What do I know about basketball? Beyond the basics? I’d rather not say. And when it comes to the topic of Minnesota Golden Gophers men’s basketball, I’ll defer to my more knowledgeable colleagues. And to be honest, as a casual fan uncertain of what expectations I should have for the coming season of Gopher basketball, I’m as interested to hear from them as you are.
Jordan Murphy, Amir Coffey, and Dupree McBrayer are gone. How do you replace their production? Or better yet, can the Gophers replace their production?
mowe0018: The simple answers to these questions are, “I don’t know,” and, “Probably not.” However, because of the sheer quantity of turnover in the roster’s composition coming into the 2019-20 season, trying to definitively answer these kinds of questions is a fool’s errand. Luckily, I’m pretty foolish, especially when it comes to espousing off opinions on the internet.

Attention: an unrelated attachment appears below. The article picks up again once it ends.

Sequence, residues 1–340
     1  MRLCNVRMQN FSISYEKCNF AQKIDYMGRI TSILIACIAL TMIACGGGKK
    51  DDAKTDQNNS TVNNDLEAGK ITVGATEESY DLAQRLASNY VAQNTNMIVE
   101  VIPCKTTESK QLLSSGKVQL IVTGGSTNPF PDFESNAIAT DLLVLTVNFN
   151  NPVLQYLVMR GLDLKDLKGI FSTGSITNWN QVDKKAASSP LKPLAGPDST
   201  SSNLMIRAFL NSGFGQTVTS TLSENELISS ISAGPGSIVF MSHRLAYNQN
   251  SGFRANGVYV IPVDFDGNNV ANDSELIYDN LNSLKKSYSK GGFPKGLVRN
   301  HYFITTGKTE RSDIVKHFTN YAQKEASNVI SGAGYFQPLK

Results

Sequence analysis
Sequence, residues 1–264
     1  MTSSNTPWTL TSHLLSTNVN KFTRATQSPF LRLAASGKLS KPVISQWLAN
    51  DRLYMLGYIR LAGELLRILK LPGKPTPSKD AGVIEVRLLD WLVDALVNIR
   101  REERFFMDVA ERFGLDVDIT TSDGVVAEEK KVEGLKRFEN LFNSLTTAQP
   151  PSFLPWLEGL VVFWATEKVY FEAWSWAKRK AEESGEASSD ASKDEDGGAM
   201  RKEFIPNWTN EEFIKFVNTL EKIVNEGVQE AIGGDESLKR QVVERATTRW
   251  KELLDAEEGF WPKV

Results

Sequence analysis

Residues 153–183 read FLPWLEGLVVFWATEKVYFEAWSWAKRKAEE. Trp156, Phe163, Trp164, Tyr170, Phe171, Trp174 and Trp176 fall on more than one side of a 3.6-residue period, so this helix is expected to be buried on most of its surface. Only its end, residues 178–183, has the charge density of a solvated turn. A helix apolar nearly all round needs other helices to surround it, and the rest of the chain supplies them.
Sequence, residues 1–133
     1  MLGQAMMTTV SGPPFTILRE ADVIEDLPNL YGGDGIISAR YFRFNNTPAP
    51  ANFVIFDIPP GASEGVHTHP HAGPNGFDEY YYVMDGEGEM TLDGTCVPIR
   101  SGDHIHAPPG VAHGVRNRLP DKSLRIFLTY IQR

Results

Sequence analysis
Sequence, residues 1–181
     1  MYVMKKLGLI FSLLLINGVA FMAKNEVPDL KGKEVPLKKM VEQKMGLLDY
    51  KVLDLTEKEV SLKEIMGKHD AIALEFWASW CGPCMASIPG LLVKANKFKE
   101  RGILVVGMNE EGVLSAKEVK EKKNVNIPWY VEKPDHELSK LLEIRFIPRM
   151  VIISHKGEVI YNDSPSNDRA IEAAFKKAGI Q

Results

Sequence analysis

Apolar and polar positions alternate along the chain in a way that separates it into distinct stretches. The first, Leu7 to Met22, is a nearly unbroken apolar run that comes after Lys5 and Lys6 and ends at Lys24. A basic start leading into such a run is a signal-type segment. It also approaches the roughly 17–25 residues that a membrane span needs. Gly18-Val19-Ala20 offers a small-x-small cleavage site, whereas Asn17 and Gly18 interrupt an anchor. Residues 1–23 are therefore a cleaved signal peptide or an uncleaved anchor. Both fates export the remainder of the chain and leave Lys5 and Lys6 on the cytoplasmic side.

No one player on this year’s roster is going to slide in and be a pound-for-pound replacement for Murphy or Coffey. Those guys were great (and in Murphy’s case all-time great) Gophers who brought a lot to the table scoring-wise, rebounding wise in the case of Murphy, and play-making wise in the case of Coffey. However, this year’s team has a lot of length and athleticism in the back court. There will be plenty of candidates to mirror the stats that Dupree McBrayer posted on a night-to-night basis. Additionally, this team now has a true point guard in Marcus Carr. That could go a long way in improving offensive production by having a true facilitator of the offense, as there were times last season when the team would get into scoring funks and Coffey would have to will his way to carrying the offensive burden.